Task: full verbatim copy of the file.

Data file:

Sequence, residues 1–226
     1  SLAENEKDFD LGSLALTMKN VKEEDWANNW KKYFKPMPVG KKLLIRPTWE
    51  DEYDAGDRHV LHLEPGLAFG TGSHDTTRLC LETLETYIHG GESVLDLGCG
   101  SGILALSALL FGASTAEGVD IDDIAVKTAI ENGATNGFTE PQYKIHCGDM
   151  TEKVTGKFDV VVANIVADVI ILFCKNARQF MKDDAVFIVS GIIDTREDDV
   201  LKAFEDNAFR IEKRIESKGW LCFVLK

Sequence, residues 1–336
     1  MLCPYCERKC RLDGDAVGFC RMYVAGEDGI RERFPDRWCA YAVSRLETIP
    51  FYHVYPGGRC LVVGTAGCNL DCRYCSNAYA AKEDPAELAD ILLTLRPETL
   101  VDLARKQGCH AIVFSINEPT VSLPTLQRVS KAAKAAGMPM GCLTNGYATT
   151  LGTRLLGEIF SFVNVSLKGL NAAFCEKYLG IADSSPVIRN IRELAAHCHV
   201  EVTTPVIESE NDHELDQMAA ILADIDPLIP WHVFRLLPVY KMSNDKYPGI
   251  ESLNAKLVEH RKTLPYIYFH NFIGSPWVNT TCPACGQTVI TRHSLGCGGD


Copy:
Sequence, residues 1–226
     1  SLAENEKDFD LGSLALTMKN VKEEDWANNW KKYFKPMPVG KKLLIRPTWE
    51  DEYDAGDRHV LHLEPGLAFG TGSHDTTRLC LETLETYIHG GESVLDLGCG
   101  SGILALSALL FGASTAEGVD IDDIAVKTAI ENGATNGFTE PQYKIHCGDM
   151  TEKVTGKFDV VVANIVADVI ILFCKNARQF MKDDAVFIVS GIIDTREDDV
   201  LKAFEDNAFR IEKRIESKGW LCFVLK

Sequence, residues 1–336
     1  MLCPYCERKC RLDGDAVGFC RMYVAGEDGI RERFPDRWCA YAVSRLETIP
    51  FYHVYPGGRC LVVGTAGCNL DCRYCSNAYA AKEDPAELAD ILLTLRPETL
   101  VDLARKQGCH AIVFSINEPT VSLPTLQRVS KAAKAAGMPM GCLTNGYATT
   151  LGTRLLGEIF SFVNVSLKGL NAAFCEKYLG IADSSPVIRN IRELAAHCHV
   201  EVTTPVIESE NDHELDQMAA ILADIDPLIP WHVFRLLPVY KMSNDKYPGI
   251  ESLNAKLVEH RKTLPYIYFH NFIGSPWVNT TCPACGQTVI TRHSLGCGGD